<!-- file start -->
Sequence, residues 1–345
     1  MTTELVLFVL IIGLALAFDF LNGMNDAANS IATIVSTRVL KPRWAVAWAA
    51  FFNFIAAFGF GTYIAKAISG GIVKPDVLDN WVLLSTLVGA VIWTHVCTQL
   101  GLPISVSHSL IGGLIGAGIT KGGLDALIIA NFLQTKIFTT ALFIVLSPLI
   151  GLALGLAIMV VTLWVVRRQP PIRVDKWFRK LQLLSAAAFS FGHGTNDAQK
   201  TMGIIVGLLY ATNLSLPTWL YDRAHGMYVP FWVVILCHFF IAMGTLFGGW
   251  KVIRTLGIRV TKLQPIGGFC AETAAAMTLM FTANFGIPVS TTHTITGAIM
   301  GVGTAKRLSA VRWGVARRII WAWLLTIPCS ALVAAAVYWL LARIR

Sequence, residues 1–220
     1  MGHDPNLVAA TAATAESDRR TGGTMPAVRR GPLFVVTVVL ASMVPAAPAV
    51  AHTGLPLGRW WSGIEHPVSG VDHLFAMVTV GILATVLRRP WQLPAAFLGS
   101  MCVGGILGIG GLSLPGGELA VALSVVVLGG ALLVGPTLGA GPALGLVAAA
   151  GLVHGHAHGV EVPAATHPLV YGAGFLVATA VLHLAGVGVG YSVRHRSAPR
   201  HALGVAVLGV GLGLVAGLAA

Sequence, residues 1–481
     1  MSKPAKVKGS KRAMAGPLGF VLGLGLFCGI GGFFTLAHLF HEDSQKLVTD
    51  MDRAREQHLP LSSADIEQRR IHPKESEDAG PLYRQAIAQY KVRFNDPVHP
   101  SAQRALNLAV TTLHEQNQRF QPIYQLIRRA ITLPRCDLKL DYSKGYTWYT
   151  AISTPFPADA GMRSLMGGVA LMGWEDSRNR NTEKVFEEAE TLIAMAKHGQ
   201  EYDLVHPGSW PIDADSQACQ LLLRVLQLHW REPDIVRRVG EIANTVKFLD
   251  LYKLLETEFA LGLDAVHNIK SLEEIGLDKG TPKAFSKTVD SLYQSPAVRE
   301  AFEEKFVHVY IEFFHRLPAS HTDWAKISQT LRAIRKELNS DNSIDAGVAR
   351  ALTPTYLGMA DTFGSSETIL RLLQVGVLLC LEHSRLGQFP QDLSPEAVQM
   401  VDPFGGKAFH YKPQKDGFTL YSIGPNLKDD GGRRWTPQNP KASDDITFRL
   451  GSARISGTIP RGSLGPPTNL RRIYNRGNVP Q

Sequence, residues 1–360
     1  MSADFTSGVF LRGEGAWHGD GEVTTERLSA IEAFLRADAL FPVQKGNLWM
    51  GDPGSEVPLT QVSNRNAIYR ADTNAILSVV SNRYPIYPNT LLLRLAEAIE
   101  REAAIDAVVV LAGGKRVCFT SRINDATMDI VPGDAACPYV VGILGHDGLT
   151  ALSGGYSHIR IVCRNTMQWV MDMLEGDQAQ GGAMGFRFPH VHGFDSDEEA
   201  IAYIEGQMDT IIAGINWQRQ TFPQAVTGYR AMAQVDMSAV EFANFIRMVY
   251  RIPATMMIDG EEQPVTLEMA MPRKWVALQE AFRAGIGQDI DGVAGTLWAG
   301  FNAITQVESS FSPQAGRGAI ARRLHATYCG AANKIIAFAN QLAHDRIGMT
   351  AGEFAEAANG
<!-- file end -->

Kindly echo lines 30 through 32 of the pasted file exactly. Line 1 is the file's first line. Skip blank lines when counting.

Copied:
   151  ALSGGYSHIR IVCRNTMQWV MDMLEGDQAQ GGAMGFRFPH VHGFDSDEEA
   201  IAYIEGQMDT IIAGINWQRQ TFPQAVTGYR AMAQVDMSAV EFANFIRMVY
   251  RIPATMMIDG EEQPVTLEMA MPRKWVALQE AFRAGIGQDI DGVAGTLWAG